Now that the paddocks are roughly mapped out, I can start mapping the fencing. My plan is to have multiple rows of permanent fencing running north-south with an east-west gap of about 100 feet. Temporary fencing can be laid east-west and moved daily to create new paddocks. Therefore the paddock area can be adjusted if necessary by how far apart the temporary fences are spaced.
Using maps to optimize the fencing uses additional factors than just creating exact areas. Using the parcels as a basis, elevation is also factored in as the most optimal fence will follow the contours as efficiently as possible. To achieve this I downloaded LiDAR data. LiDAR is collected from an aerial source that broadcasts a laser then senses and analyzes the reflected light. It is one of the most accurate technologies to collect elevation data but it is very expensive. Luckily free LiDAR data is available for my farm, but please consider making a donation to show your appreciation if you use free LiDAR data!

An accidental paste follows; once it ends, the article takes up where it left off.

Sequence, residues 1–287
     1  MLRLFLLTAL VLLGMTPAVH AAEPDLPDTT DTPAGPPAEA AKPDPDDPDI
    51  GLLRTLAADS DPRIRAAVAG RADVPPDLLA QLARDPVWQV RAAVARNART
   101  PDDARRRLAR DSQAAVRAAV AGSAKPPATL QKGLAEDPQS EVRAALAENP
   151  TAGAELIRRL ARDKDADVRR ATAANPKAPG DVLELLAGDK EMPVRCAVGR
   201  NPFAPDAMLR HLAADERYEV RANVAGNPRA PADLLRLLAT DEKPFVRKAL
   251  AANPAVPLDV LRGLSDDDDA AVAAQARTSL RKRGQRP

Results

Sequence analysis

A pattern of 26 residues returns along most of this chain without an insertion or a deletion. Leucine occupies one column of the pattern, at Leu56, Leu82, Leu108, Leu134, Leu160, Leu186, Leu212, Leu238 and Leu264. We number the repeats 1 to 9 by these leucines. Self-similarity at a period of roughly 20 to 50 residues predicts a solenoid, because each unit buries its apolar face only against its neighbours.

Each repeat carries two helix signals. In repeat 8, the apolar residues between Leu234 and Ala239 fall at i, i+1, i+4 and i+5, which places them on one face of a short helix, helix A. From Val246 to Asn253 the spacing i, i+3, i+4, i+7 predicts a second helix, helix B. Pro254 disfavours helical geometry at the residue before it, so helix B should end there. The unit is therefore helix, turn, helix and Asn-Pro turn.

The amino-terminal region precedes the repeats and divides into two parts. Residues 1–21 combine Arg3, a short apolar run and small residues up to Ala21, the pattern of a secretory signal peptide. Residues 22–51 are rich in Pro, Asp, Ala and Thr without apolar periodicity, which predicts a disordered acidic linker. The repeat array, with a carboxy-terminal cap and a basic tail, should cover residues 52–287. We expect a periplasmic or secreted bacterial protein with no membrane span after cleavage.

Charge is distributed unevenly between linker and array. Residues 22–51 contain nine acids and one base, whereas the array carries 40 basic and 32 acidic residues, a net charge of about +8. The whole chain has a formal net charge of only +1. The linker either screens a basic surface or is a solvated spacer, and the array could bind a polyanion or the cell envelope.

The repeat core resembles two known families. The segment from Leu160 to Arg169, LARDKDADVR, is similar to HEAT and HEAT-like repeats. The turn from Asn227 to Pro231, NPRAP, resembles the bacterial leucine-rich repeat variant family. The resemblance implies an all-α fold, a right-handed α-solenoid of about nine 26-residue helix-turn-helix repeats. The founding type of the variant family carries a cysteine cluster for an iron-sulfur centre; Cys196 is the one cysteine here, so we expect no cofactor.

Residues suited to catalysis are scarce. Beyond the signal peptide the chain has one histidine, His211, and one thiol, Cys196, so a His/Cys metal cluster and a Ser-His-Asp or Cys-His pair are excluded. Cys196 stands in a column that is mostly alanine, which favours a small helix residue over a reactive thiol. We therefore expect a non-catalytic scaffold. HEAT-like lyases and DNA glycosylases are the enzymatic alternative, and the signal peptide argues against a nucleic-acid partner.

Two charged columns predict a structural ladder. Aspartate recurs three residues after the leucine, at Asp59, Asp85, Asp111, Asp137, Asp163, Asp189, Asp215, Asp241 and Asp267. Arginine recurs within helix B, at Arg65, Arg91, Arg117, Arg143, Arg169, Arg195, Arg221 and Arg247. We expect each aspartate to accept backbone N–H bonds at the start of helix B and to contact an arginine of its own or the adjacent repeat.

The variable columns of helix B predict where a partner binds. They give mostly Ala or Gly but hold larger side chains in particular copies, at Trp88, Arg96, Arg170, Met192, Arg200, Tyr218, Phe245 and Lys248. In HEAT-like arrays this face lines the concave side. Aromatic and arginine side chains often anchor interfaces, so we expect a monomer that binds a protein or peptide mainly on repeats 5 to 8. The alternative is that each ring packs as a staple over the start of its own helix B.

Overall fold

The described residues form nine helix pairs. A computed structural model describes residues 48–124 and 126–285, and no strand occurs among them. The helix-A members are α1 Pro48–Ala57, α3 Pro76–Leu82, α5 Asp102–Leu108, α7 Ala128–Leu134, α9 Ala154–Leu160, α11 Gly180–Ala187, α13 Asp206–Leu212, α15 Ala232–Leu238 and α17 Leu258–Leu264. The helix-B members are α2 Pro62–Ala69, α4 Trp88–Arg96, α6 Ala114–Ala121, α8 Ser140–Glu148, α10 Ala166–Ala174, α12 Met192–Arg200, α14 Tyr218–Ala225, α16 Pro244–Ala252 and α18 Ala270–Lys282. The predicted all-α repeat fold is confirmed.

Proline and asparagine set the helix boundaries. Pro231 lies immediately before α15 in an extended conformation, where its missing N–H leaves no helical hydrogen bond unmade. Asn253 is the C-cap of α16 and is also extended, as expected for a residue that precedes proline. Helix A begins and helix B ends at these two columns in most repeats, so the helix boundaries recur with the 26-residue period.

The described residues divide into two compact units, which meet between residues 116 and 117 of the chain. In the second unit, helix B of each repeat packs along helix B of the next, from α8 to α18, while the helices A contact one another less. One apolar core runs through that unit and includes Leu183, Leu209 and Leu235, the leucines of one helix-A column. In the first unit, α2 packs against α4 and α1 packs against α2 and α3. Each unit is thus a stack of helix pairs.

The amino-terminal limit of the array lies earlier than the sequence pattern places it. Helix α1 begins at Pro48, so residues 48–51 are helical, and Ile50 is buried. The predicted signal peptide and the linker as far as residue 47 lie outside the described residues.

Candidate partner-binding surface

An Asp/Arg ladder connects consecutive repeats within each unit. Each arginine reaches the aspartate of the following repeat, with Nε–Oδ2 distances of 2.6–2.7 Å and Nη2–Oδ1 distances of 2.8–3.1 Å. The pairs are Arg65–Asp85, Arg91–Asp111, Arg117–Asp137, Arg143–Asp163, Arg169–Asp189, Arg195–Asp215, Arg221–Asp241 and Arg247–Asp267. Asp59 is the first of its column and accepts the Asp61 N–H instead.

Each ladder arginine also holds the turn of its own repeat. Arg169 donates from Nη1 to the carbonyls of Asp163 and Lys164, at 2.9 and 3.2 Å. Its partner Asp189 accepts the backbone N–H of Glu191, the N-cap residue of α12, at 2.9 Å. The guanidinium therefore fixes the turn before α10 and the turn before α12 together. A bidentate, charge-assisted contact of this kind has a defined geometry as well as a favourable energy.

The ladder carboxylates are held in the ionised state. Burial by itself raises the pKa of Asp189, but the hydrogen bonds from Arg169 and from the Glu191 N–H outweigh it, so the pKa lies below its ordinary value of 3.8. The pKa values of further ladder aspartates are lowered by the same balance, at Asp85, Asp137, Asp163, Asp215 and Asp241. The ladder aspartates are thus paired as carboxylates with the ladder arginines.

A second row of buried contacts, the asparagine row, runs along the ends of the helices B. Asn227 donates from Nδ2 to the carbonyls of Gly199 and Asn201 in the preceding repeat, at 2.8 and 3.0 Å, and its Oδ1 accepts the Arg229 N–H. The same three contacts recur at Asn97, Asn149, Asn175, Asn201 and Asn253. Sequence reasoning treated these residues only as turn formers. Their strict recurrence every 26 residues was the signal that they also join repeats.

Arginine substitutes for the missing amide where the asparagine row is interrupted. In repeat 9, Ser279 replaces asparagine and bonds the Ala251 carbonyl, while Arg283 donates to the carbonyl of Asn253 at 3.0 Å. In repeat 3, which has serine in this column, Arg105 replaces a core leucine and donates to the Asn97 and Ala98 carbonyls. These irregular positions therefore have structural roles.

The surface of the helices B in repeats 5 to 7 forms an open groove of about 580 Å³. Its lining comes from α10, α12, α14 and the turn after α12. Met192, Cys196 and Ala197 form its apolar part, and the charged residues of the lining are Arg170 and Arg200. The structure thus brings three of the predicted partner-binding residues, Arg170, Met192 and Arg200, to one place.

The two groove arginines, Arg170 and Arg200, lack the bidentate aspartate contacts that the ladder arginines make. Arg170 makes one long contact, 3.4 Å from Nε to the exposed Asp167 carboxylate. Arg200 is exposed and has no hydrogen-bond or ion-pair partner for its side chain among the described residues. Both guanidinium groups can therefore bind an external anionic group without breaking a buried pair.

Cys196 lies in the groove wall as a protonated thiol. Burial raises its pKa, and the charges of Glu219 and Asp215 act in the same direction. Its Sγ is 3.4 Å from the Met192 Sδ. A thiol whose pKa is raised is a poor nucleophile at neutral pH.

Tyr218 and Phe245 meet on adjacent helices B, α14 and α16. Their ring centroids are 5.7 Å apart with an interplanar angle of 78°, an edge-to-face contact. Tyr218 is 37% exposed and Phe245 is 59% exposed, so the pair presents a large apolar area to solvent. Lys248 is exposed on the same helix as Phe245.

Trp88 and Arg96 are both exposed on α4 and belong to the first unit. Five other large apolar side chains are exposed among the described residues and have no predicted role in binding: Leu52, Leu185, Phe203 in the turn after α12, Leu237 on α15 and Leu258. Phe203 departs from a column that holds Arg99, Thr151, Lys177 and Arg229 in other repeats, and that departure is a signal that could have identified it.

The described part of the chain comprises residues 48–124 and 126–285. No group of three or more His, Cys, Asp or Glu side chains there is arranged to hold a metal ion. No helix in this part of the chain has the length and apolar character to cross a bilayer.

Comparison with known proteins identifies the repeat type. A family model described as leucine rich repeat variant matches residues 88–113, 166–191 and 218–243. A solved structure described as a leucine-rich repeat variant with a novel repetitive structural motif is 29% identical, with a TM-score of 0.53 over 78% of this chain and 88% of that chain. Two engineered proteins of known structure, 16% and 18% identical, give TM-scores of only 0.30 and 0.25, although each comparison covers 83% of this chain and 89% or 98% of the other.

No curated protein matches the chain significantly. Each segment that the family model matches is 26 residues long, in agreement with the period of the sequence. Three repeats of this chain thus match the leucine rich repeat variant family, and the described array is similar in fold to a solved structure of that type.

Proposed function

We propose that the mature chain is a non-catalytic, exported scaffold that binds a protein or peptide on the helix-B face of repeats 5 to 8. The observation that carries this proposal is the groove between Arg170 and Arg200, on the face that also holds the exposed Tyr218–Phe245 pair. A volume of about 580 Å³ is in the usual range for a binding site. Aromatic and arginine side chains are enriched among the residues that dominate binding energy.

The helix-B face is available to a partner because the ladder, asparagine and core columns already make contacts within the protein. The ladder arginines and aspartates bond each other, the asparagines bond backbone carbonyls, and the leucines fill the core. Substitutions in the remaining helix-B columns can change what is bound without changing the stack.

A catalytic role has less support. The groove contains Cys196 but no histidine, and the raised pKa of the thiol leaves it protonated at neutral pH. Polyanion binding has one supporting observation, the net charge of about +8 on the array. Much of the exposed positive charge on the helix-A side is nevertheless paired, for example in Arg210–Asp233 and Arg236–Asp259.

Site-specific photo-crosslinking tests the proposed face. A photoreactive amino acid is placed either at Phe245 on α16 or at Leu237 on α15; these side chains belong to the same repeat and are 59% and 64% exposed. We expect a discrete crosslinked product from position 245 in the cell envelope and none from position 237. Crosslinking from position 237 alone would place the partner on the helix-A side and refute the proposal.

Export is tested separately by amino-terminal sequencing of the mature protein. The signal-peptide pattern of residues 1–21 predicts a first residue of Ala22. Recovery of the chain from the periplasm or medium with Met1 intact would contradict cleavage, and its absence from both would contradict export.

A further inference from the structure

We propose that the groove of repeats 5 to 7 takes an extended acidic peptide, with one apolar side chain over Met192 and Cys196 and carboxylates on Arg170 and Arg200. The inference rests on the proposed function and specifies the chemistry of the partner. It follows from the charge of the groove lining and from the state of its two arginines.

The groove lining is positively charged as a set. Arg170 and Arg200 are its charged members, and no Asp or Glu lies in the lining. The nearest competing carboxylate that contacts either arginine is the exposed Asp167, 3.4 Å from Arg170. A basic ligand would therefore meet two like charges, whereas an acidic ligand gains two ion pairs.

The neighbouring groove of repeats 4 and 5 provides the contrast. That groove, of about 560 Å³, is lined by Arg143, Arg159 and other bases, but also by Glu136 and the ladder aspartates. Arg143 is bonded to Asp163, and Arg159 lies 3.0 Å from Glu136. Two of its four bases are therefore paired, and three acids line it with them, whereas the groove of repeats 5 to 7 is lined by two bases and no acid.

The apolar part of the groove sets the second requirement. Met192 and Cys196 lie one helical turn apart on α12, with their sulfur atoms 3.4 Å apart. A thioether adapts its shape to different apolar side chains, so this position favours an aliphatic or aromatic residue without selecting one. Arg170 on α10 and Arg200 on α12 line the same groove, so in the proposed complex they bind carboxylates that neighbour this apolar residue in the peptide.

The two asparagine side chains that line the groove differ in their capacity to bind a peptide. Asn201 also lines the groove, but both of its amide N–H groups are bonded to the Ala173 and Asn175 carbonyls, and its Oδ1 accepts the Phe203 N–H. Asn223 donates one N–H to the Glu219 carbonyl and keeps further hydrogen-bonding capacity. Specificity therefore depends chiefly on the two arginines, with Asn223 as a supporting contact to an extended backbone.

Fencing can now be optimally mapped thanks to high resolution, LiDAR-based digital elevation model (DEM).
Now I can do my best to plan the fences based on my paddock area needs as well as keeping the permanent segments as straight as possible and minimizing elevation change where possible.
There will still need to be some manual cleanup to close some ends, accommodate developments in planning and work with the trees in the pasture. Here is the starting point for you to follow along!